Valor and Honor hosts fishing trip at Badin Lake
Published 10:42 am Thursday, May 31, 2018
By Charles Curcio
Members of the Badin community came together Memorial Day weekend to honor active members of the military as well as veterans with a morning on the lake fishing and lunch.
The event was hosted by Badin Fire Department and arranged through the Valor and Honor Outdoors Organization, a 501(c)(3) nonprofit group. Seventeen soliders and one Marine enjoyed a day of fishing, then were treated to a barbecue lunch at the firehouse.
Valor and Honor states on its website, www.valorandhonoroutdoors.org, the group’s mission is “providing unique outdoor experiences to active-duty military, veterans and their families.”
Outdoor experiences Valor and Honor provide include fishing, hunting, camping, kayaking, archery, ATV riding, horseback riding and more, all free to participants, including the necessary equipment and customary items for the activities.
Valor and Honor was founded by John Perez, who has a self-described “very military passionate family.”
Most of the funding for events came from Perez and contributors, but this year the group got its first corporate sponsor, Calcutta, which provided a sizeable amount of fishing and outdoor gear shared by the soldiers this weekend.
Enlisting in the Marine Corps at age 17, Perez served six years in the Marine Reserves. His father was in the Navy and Coast Guard, his brother in the Air Force and sister in the Army. Perez’s father-in-law also served in World War II in the 82nd Airborne Glider Infantry and was wounded in Holland.
Perez said the group began through hunting waterfowl and his son, Ben, who has been a competitive duck caller since he was 14.
His son was approached by a former Marine to do a waterfowl hunt organized by another group, the Quantico Injured Military Sportsman Association, in Maryland. After several events with that group, the Perez family decided to host hunts for soliders on their own property near Fort Bragg. Out of the demand for those events came Valor and Honor Outdoors in October 2016.
“We realized there were a lot of therapeutic effects of being outdoors, so we expanded,” Perez said. “Initially, we focused on wounded warriors, but then we got to realize there are other guys that kept that wounded warrior alive on the battlefield and they need some R&R just as much as anybody.”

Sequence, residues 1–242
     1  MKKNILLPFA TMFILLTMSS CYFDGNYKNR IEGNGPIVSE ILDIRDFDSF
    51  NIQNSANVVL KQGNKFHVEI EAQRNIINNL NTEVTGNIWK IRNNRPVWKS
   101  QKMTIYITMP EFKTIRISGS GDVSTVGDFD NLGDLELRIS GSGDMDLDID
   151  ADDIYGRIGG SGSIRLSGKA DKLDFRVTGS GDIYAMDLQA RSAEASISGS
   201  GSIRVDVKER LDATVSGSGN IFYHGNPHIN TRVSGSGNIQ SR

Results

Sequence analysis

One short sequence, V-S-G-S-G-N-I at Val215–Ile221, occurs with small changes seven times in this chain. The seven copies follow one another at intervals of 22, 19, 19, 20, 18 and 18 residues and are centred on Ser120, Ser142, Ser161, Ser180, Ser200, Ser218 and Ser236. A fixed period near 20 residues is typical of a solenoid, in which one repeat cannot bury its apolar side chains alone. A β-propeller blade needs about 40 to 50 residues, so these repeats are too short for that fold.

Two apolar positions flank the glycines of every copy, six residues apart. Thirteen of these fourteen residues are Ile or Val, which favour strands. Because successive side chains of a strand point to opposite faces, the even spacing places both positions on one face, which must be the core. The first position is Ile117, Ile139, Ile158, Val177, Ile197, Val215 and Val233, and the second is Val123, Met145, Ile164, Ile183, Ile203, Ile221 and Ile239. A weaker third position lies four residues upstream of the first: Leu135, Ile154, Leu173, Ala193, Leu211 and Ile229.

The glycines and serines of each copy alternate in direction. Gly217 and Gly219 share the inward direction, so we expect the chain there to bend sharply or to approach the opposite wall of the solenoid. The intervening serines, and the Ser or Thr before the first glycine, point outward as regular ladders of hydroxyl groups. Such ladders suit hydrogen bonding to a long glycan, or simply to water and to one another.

Having helped 150 participants in 2017, the group has topped 150 this year through the fishing tournament on Badin Lake. Valor and Honor Outdoors has provided trips for more than 300 people in six to seven states in what Perez calls “outdoor recreational therapy.”
But the help the group provides goes beyond a hunting or fishing trip. Valor and Honor also provides licensed counselors to assist soldiers, including one with a high enough security clearance to talk about missions.
“There are stats which show 20 to 22 veterans kill themselves every day,” Perez said. “Part of what we do is relationship building, especially with veterans. When they get out of the military, they miss that camaraderie. That’s one of the things we do through peer networking.”
The organization also helps soliders leaving the service to transition into civilian life through career counseling.
Valor and Honor does an amount of military advocacy by passing out food to veterans and space heaters to needy veterans. Along with that advocacy is coming to schools to do various programs for kids about the military.
The group is completely operated by volunteers, like Badin kindergarten teacher Keely Towne, who contacted Valor and Honor last year to bring members of the 82nd Airborneto do a program at the school. In turn, Badin students created around 300 cards to send well wishes to veterans in the Fort Bragg area.
“I grew up with a military family. My father served for 32 years (in the Navy and Coast Guard),” said Towne, who was introduced to Valor and Honor through friends at her church.
Towne said organizations like Valor and Honor “give (soldiers) a place to have freedom and relax, enjoy each other’s company in times that may not be as stressful…it shows we are there for them.”
Her kids love the military personnel who have visited Badin School.
“They have learned to appreciate what the great men and women do (in the military) that are out there for us,” Towne said. “I think we can teach kids to be patriotic and to know the importance of the service. That’s my goal.”
Jamie Karriker and his family also volunteered their time at Saturday’s event, saying “all the guys at the Badin (Volunteer) Fire Department…rolled out the red carpet for us.”
Karriker thanked Badin VFD and the fishermen for participating.
“We stand up for the guys that are standing up for us,” Karriker said. “These guys have been through a lot; to have an opportunity to give back to them is an awesome experience.”
Chris Donaldson, the command sergeant major of the 505 Battalion at Fort Bragg, talked about the effect events like this fishing outing have on soldiers.
“I’ve seen the (soldiers) that have shut down, but once they get involved in things like this, they open up again. It brings them out from the shadows they are in,” Donaldson said.
He talked about the relationships formed between the community and the members of the military.
“It’s a great thing for the community to reach out to the soldiers. It’s another thing for the soldiers to reach out and form that camaraderie. It brings everything together,” Donaldson said. “Organizations like this…are making such a huge difference.”
To submit story ideas, call Charles Curcio at 704-983-1361, email firstname.lastname@example.org.